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CCPAC meeting

Development representative John Sullivan makes a point on the shopping center maps for Rancho Murieta's members of the Cosumnes Community Planning Advisory Council, from left, Jim Moore and John Merchant. (Click for larger image)

The Cosumnes Community Planning Advisory Council gave unanimous approval Wednesday night to plans for a convenience store, gas station, car wash and fast-food outlet in the new supermarket shopping center south of Jackson Road. The meeting also offered tidbits about the shopping center and what Murietans may find there in the coming months.

The applicants, Bhupinder and Manpreet Sandhu, sought a use permit for a service station with 12 fuel pumps and a carwash as well as a fast-food restaurant with a drive-through within 300 feet of residential zoning. The exterior design of the business is available as a file attachment at the end of this story.

Here are some shopping-center tidbits from the meeting:

  • The convenience store the Sandhus plan is a Circle K; the gas station is Shell; the fast-food restaurant is Subway. The Sandhus own the Subway across the street in Murieta Plaza, and they will move that franchise to the new shopping center.
  • The shopping center will include a Taco Bell, according to John Sullivan, representing the overall commercial development.
  • El Dorado Savings Bank will move into the new shopping center, directly behind the existing Country Store and Burger King, Sullivan said.
  • Sullivan said the supermarket, a Bel Air, part of the Raley’s chain, could begin construction this winter and be open in October 2019. In addition to the weather, the construction start is dependent on the commercial development reaching a 70 percent leasing threshold, which is very near, he said.
  • With Bel Air open next year, the other businesses could be open in early 2020, Sullivan said.
  • The center is also in negotiations to include a neighborhood, non-chain pharmacy, he said. He said the Raley’s lease specifies that a small pharmacy will be allowed five years to build up its business before Raley’s could consider putting in its own drug center.
  • Sullivan suggested that Murietans who live on the North will find the best way to access the shopping center will be to drive across Jackson Road and take a left into the shopping center instead of turning onto Jackson and entering the center from there. Customers from Murieta South will want to take the new left turn created for the shopping center on Jackson Road, he said.
  • When Murietan John Merchant, a CCPAC member, asked what other businesses might be moving from Murieta Plaza across to the new development, Sullivan would only confirm Subway and El Dorado Savings. “I’d tell you more if I was a hundred percent sure,” he said.
  • Acknowledging it’s not the developers’ problem, Merchant asked about the new center’s impact on Murieta Plaza. Sullivan said Murieta Plaza is 30 years old and it’s “time to freshen it up.” He added, “When Raley’s moves out and comes across the street, they’ll have to figure out what the utility of that (supermarket) space is.” He suggested it might make a good home for an enlarged Ace Hardware.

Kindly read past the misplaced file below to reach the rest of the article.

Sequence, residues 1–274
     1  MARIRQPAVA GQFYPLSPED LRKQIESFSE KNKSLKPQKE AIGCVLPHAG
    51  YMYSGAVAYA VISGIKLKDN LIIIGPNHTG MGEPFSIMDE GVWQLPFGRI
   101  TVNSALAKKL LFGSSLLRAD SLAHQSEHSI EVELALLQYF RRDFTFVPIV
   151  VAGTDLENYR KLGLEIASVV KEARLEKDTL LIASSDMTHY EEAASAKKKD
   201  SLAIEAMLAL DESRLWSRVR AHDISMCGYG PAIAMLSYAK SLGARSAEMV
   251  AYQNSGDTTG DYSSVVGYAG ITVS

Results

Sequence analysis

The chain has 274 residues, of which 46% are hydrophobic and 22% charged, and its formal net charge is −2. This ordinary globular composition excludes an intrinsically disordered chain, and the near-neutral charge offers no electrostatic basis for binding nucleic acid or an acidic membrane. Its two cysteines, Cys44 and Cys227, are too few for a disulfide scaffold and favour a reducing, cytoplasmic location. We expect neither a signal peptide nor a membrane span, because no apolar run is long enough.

• Jim Moore, another Murietan serving on CCPAC, asked whether the area will support a second service station. Sullivan said Raley’s lease allows it to put in one of its own service stations, and it would have done that if this plan hadn’t been satisfactory.
  • Sullivan said the Raley’s analysis of the service area for the shopping center takes in about 30,000 people today, which will grow to 40,000. In addition to Rancho Murieta, it would serve to Plymouth, Ione, Dillard Road, the northeast part of Vineyard and Sunrise Boulevard, he said.

Two CCPAC members asked about the development’s proximity to Rancho Murieta Airport. Sullivan said there’s an easement restricting building height and use at the eastern end of the commercial project, in the airport flight path, but otherwise, Caltrans and the Federal Aviation Administration reviewed and approved the development plans.

The impacted residential land in the Sandhus’ request is a small piece of the undeveloped lot across Jackson Road, south of the Rancho Murieta Association Building. A RanchoMurieta.com story Tuesday was incorrect when it said the residential area in question is part of the Murieta Gardens development, 78 homes planned for south of Jackson Road in the midst of the new shopping center and hotel. Those homes were approved as part of the commercial development, Sullivan told the CCPAC members.

Kevin Messerschmitt, associate planner for the county, said the request included amplified sound in the drive-through lane, a higher-than-allowed canopy roof over the fuel pumps, extended hours of operation (5 a.m. to 11 p.m.) and the modification of some landscaping requirements.

The county Design Review Advisory Committee met in August and September and approved the project, Messerschmitt said.

Sullivan said the order-taking box in the drive-through lane won’t have amplified sound; it will be a touch screen. He answered questions about other design considerations as well.

Moore made the motion to approve the proposal, and it was seconded by Merchant.

The proposal endorsed by CCPAC – which is only an advisory body to the county – must still be approved by the county Planning Commission and the Board of Supervisors.

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